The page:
AP Testing is here
With summer just around the corner, students at Kings High School are ready to take a vacation. This year has seen students go above and beyond in their academic performances, with many students taking college-level classes, or AP (Advanced Placement) classes.
Now, it’s time to show what they can do.
AP classes do count as college credit, as long as students taking the class pass the test at the end of the year with an AP score of three or better. Those test are now upon us.
AP Physics and AP Chemistry teacher, Ashley Warren, said she feels that students adjust well to college-level courses, and she is confident that next week’s tests will go well.
“Students entering AP classes really rise to the challenge and take them seriously,” says Warren. “They really get into learning the harder material.”
Testing week is a stressful time of year for students as well as teachers because the scores affect both groups.
“For the students, passing these tests means college credit,” adds Warren. “For the teachers, the test scores give an outline for material that needs to be covered next year.”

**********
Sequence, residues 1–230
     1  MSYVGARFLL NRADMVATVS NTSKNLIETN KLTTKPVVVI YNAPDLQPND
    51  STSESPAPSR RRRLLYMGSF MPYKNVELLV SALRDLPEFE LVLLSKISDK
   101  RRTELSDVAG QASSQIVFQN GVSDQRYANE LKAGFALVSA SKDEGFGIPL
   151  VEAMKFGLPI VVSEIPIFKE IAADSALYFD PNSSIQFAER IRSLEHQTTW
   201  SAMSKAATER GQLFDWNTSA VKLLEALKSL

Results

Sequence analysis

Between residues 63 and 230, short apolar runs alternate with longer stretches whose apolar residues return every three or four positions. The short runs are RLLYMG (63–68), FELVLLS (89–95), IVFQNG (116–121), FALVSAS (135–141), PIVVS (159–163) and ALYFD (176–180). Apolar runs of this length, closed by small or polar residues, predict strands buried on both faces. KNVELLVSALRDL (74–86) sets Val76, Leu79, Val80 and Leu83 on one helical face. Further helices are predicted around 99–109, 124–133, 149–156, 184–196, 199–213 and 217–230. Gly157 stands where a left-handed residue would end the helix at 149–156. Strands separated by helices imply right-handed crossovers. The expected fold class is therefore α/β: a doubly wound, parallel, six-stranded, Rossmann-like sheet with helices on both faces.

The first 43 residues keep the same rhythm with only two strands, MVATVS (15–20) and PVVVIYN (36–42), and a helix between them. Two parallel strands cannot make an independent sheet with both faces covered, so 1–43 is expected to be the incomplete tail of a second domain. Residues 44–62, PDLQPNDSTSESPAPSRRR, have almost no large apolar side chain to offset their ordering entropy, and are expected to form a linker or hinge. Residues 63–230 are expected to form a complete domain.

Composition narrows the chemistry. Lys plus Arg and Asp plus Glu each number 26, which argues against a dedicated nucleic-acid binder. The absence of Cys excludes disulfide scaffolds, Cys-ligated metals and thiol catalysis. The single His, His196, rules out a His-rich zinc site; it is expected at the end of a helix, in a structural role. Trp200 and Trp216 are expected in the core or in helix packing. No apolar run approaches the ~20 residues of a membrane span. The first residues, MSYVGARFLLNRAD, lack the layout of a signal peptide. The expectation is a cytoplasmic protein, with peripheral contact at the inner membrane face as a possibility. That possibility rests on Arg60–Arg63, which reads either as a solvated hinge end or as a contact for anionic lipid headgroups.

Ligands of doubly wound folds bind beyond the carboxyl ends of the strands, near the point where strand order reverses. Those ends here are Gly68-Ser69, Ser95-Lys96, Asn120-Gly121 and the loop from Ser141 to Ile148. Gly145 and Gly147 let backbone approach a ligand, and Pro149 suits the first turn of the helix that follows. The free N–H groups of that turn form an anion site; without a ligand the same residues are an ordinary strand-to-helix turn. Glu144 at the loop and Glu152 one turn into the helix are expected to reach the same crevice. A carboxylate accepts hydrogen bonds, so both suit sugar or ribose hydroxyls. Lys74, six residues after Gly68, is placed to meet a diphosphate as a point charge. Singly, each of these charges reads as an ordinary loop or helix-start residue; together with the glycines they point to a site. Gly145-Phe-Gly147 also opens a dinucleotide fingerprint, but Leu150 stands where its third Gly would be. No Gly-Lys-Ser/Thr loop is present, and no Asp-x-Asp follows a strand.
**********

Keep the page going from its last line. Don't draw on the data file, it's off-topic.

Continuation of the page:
As a student in her first year of taking AP classes, KHS Junior Samantha Paulson says that the pressures of AP classes is much more intense than regular or honors classes.
“We have much more homework than I’ve usually done in regular classes,” says Paulson. “We sometimes even have homework on test days”
With an academic load of four AP tests, Paulson says that the load of having to study for the tests is intimidating.
“As of last week, I’ve had to study a few hours a night to make sure I know everything,” says Paulson.
The tests themselves are administered the same way as regular standardized tests, such as the ACT, SAT, and various practice tests given by the state.
Rob Burnside, Vice Principal at KHS and supervisor for the AP tests says that the test environment is very strict in order to make sure there aren’t any complications.
“Just like the ACT and SAT, we’re following the rules pretty well to make sure there isn’t any cheating or other concerns,” says Burnside.
Complications that could occur during test time could include the use of cell phones, talking, and students’ use of their time while answering questions.
“We do make sure to collect phones, and keep the room quiet so students can take their tests efficiently,” Burnside explains.
On Tuesday, Apr. 29, students were called to a meeting in the high school auditorium to receive information on the tests, which begin on Monday, May 5.